Much has been written about La Movida, about how the movement channeled the yearning for freedom and social change in Spain in the 1980s. These were the years of the decriminalization of homosexuality, in December 1978, and also of the legalization of the sale of contraceptives, in April of that same year, with all that this meant for the sexual life of millions of Spanish women. Along with Alaska, Ana Curra and Paloma Chamorro, Ouka Leele was the female face of La Movida.

Despite the highly publicized airs of revolution and liberation, things must not have been entirely easy for the women who shone the most in Madrid’s new wave. “I think photography was a way out, because the couple I was with forbade me to paint. And I let them forbid me. It was the law of terror, as you paint you will find out,” confessed Ouka Leele herself three years ago years in an interview with Efe, where she reflected on the fact of being a woman and an artist. “We have to give a lot to achieve the same level, to get paid the same, to be treated the same. We give a lot, we work a lot, we are like heroines. I believe that art has no gender, that we are all male and female inside “.

Niece of the poet Jaime Gil de Biedma, whom she met in bars at night, her career as an artist took off in Barcelona, ​​where the underground woke up somewhat earlier than in the capital. There she had her first exhibition, at the Spectrum gallery, and it was Star magazine, an icon of the Catalan counterculture, that published her first cover. Cancer struck her for the first time when she was very young, at the age of 22, and she brought her back to Madrid. “My generation was crushed by the war, my father spoke of it all the time as something heroic. I think that’s why we all accepted each other, regardless of origin, sex, ideology or surnames,” he confessed in another interview with this diary two years ago.

“At that time I was like an angel,” he recalled about the 1980s on the occasion of an exhibition at the Fotocolectania gallery where his mythical series Peluquería was exhibited for the last time along with the work of fellow photographers such as Miguel Trillo, Alberto García- Alix and Pablo Pérez-Mínguez. At that time, he defined domestic mysticism, his particular philosophy of life and creation, with a candor somewhere between costumbrista and Zen: “Love what you do, even if it’s sweeping the house. Anything you do, like cleaning a glass and seeing how it shines, it’s the best thing you can do at that moment. It’s happened to me: going through a difficult time, concentrating on making some croquettes and having it heal.”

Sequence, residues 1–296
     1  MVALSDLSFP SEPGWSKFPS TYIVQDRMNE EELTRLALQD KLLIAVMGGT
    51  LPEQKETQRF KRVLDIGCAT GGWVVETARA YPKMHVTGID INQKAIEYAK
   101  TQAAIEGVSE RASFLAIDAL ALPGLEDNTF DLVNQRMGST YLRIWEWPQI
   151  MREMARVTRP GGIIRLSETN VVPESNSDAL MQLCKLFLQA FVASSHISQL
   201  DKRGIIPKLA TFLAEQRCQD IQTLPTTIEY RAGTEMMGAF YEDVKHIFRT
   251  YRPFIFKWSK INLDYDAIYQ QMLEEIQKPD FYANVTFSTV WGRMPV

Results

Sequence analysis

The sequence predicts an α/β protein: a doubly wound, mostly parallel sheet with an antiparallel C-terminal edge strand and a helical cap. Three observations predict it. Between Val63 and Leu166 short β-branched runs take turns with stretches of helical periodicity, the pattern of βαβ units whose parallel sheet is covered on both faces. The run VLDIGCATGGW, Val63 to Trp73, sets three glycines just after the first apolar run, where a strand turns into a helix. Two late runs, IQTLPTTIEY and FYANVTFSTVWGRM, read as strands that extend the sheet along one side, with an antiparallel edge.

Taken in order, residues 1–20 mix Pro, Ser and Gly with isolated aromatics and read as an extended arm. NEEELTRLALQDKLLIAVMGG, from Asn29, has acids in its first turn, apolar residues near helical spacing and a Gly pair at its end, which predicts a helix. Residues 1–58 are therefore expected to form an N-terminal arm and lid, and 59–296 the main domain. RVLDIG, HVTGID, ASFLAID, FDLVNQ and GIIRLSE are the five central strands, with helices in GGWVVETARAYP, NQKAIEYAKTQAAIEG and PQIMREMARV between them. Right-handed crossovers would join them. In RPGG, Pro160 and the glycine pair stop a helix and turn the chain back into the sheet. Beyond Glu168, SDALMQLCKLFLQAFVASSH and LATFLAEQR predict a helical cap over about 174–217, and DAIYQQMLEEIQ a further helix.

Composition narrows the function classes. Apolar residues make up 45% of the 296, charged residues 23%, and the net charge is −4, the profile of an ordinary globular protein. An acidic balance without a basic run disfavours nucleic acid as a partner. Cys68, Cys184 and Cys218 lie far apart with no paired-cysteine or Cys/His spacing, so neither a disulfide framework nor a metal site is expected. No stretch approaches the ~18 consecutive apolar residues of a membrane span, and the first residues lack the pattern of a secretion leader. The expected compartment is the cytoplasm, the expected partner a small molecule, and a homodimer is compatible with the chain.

Over the years, Ouka Leele hardened the discourse of her art without ever losing sight of the feminine. A cruel banquet. Pour quoi?’ was the title of the installation she created in 2014 to denounce the war in the Republic of Congo, where gold, diamonds and coltan left a trail of six million dead and a chilling average of 160 women raped every week. In 2006, she brought together 300 people, including women, men and children, for Revive Cibeles, an intervention in the Madrid square to raise awareness in society against ill-treatment. It was not the first time that traffic in the square had stopped: it had already been done in 1987 for Rappelle toi, Bárbara!, the fantastic blockbuster where she represented the myth of Hippomenes and Atalanta, the beautiful huntress who hated the idea of ​​getting married and challenged everyone her suitors to a race against death through the forest.

«What great loneliness that of the woman whose fatal destiny leads her to be admired, to dare to do things that the society of the time in which she has lived does not understand or does not dare to see. She is desired by all, but loved by none”, she wrote in her latest book, Axis Mundi.

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